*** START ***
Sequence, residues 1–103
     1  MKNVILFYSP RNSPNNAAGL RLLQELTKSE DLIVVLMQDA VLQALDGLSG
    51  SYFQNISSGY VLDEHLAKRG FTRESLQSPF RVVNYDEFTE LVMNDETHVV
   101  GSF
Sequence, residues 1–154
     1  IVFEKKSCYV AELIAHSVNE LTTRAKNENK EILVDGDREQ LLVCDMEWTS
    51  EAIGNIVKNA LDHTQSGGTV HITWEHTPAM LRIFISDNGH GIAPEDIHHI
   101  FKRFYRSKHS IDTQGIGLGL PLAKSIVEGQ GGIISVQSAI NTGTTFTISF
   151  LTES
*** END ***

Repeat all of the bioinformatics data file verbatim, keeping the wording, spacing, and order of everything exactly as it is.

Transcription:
Sequence, residues 1–103
     1  MKNVILFYSP RNSPNNAAGL RLLQELTKSE DLIVVLMQDA VLQALDGLSG
    51  SYFQNISSGY VLDEHLAKRG FTRESLQSPF RVVNYDEFTE LVMNDETHVV
   101  GSF
Sequence, residues 1–154
     1  IVFEKKSCYV AELIAHSVNE LTTRAKNENK EILVDGDREQ LLVCDMEWTS
    51  EAIGNIVKNA LDHTQSGGTV HITWEHTPAM LRIFISDNGH GIAPEDIHHI
   101  FKRFYRSKHS IDTQGIGLGL PLAKSIVEGQ GGIISVQSAI NTGTTFTISF
   151  LTES